Sugar Related Health Risks

Securitas Health Consultants

Let's not sugarcoat it.

High consumption of free sugars is a health concern because of the association with poor quality diet, obesity, tooth decay and the risk of noncommunicable diseases such as diabetes.

High consumption of free sugars is a health concern because of the association with poor quality diet, obesity, tooth decay and the risk of noncommunicable diseases such as diabetes.

 

Overweight and obesity

According to the World Health Organisation, globally there are around 2 billion adults overweight, of those 768 million are affected by obesity. If current trends continue it is estimated that 2.7 billion adults will be overweight and 1.1 billion considered obese by 2025.

Overweight and obesity are associated with mental health problems, reduced quality of life and are major risk factors for many chronic diseases, including diabetes, cardiovascular disease and cancer.

Excessive sugar intake has been linked to weight gain and obesity, as consuming food and drinks high in free sugars provides a major and unnecessary source of calories with minimal nutritional value.

 

Sugar and tooth decay

Tooth decay occurs when sugar interacts with the bacteria within the plaque to produce acid, the acid dissolves the enamel and dentine of teeth creating holes or cavities.

Individuals whose diet consists of high levels of free sugars have a higher risk of tooth decay, particularly if the food they eat is sticky or consumed in between mealtimes. Tooth decay is a significant and growing problem for children and adolescents as they have become accustomed to sugar at an early age.

 

Simple steps to reduce tooth decay:

  • Brush teeth twice a day and floss once a day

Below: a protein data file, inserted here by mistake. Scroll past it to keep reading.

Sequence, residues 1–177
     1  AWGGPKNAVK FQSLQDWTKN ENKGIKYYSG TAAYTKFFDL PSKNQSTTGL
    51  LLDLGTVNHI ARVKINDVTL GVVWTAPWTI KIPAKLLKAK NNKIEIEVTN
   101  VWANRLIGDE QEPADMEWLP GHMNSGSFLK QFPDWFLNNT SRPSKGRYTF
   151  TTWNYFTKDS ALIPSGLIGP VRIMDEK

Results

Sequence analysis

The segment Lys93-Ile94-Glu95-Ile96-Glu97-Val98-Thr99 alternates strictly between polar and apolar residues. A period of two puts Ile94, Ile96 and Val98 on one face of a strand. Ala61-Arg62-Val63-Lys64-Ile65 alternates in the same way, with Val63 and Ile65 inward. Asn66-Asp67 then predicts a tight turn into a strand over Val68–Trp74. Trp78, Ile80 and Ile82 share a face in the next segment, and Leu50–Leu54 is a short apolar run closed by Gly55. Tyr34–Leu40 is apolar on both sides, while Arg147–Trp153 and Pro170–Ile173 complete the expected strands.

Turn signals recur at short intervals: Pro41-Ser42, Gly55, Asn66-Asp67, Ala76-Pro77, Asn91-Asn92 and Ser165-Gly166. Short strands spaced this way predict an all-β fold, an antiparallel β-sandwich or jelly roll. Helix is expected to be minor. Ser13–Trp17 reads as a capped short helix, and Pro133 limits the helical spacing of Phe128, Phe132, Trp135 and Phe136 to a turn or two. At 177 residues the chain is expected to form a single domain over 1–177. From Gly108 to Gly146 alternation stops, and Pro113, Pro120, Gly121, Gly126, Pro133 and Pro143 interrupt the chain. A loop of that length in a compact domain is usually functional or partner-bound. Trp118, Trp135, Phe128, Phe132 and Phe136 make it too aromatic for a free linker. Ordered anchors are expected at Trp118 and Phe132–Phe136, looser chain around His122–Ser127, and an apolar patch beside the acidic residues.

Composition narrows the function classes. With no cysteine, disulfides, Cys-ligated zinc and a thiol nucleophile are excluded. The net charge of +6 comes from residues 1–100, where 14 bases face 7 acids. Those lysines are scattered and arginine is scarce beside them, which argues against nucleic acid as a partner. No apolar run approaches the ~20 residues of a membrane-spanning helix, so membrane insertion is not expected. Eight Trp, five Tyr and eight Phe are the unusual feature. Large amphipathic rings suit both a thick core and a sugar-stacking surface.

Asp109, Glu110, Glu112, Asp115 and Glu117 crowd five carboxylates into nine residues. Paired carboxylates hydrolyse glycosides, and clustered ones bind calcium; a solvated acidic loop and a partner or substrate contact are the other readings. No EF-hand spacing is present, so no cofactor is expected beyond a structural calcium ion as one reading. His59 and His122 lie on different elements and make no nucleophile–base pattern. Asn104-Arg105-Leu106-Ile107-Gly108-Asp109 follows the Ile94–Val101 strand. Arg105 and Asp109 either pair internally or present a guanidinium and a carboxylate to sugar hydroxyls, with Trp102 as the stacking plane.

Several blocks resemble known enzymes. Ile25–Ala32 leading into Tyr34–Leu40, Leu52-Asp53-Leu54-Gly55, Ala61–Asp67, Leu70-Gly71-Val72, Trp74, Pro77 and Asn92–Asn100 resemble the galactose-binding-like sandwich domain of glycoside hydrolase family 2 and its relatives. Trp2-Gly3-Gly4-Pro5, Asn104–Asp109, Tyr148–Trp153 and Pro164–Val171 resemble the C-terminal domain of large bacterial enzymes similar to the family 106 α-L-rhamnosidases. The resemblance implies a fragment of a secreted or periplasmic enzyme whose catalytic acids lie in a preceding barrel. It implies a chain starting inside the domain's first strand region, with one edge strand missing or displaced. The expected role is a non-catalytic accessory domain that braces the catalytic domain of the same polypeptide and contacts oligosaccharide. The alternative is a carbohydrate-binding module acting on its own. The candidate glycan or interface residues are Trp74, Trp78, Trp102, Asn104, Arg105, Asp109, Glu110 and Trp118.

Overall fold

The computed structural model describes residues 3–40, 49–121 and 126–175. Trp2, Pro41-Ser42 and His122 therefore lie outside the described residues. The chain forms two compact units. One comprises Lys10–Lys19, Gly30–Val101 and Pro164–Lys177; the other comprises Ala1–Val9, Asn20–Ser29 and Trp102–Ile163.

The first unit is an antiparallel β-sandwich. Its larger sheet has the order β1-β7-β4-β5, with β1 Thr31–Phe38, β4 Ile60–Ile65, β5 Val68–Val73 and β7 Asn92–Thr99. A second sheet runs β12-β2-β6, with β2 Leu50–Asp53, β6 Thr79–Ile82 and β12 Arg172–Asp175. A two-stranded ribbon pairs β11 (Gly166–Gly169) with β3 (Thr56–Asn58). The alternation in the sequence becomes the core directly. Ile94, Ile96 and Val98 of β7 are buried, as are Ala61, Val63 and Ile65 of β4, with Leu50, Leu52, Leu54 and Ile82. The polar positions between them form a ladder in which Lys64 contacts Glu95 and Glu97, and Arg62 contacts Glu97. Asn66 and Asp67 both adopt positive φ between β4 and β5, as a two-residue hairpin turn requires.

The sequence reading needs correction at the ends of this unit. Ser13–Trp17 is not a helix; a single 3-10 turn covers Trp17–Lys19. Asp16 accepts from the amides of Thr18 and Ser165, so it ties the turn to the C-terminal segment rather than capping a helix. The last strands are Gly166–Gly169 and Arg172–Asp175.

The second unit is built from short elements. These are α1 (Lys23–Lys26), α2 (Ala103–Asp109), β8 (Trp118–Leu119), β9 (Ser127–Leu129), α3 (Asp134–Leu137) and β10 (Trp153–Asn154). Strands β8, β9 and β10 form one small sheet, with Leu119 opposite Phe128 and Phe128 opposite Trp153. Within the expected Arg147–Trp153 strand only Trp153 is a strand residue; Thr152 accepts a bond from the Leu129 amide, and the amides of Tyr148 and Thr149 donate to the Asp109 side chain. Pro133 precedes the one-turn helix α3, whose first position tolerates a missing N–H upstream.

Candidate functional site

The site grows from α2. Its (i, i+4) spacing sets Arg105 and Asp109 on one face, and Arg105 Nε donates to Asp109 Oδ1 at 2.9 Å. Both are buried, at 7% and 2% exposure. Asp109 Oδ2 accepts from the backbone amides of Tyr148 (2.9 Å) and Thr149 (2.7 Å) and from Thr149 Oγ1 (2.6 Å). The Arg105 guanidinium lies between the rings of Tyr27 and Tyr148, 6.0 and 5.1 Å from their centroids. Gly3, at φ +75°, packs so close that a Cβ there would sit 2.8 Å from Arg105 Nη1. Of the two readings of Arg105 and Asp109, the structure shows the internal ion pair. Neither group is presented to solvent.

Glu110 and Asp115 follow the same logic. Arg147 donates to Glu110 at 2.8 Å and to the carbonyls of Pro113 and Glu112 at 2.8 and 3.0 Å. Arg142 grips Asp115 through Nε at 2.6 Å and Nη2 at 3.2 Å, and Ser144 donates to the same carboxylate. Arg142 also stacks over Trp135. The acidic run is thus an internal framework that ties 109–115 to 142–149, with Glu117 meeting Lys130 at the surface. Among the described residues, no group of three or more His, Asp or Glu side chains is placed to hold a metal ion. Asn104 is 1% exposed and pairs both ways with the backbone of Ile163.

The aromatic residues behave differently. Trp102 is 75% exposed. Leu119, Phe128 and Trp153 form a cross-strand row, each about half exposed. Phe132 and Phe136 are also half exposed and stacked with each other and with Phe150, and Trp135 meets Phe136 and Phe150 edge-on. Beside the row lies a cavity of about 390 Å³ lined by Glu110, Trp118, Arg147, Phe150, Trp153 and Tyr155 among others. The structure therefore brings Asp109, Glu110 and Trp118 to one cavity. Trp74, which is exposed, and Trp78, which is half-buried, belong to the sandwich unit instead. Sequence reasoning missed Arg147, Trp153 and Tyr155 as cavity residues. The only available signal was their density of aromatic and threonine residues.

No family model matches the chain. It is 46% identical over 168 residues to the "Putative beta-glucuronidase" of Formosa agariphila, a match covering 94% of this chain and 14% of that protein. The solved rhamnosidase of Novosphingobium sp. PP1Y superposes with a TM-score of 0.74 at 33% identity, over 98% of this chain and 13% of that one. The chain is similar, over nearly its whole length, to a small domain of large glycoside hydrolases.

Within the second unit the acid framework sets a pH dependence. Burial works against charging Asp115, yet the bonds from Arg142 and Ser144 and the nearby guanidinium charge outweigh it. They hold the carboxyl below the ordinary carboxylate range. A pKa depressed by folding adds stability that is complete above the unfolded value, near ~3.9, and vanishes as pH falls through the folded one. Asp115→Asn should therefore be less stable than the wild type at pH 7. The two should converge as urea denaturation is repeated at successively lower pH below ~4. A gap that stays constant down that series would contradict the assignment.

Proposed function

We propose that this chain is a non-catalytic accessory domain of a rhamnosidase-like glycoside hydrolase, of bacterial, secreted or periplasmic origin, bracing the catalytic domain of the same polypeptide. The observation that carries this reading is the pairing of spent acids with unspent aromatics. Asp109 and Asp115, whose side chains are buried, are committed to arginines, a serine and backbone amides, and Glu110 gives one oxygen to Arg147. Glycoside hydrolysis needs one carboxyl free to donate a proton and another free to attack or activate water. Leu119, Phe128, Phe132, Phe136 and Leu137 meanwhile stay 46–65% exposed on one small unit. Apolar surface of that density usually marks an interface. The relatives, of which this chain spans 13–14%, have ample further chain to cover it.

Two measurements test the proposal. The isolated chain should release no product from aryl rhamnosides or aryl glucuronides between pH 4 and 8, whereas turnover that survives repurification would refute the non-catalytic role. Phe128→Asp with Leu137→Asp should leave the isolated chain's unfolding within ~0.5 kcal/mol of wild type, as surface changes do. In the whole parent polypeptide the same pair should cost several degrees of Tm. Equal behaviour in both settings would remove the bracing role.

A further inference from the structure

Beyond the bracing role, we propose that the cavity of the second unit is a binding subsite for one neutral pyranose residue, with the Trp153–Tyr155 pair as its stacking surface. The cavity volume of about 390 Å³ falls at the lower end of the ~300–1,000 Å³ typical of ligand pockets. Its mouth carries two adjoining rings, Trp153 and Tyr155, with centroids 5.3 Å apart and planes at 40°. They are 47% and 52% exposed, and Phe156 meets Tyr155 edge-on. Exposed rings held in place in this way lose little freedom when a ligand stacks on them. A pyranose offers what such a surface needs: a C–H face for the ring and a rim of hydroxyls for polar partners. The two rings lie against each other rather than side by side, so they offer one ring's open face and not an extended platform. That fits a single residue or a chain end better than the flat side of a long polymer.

• Eat fewer foods and drinks which are high in added sugar

  • Reduce acid production by cutting down on snacking

  • Do not eat sugary foods between meals

 

Sugar and diabetes

Currently, it is estimated that 1 in 11 adults (415 million people) have diabetes, although approximately 46% of people with diabetes are thought to be undiagnosed. By 2040, it is expected that over 640 million of the world’s adult population may be living with the disease.

Diabetes is a chronic disease which occurs when the pancreas does not produce enough insulin, or when the body cannot effectively use the insulin it produces. There are several types of diabetes.

Type 2, which results from the body’s ineffective use of insulin, is the most common and is largely caused by excess weight and physical inactivity. As regular consumption of foods and drinks which are high in sugar is linked with weight gain, sugar is a contributory factor in type 2 diabetes.

 

Although in many cases type 2 diabetes is preventable, it remains the leading cause of diabetes-related complications such as blindness, non-traumatic amputations, and chronic kidney failure requiring dialysis.

 

Information can be found at https://allianzcare.turtl.co/story/1811sugaren/#!/page/5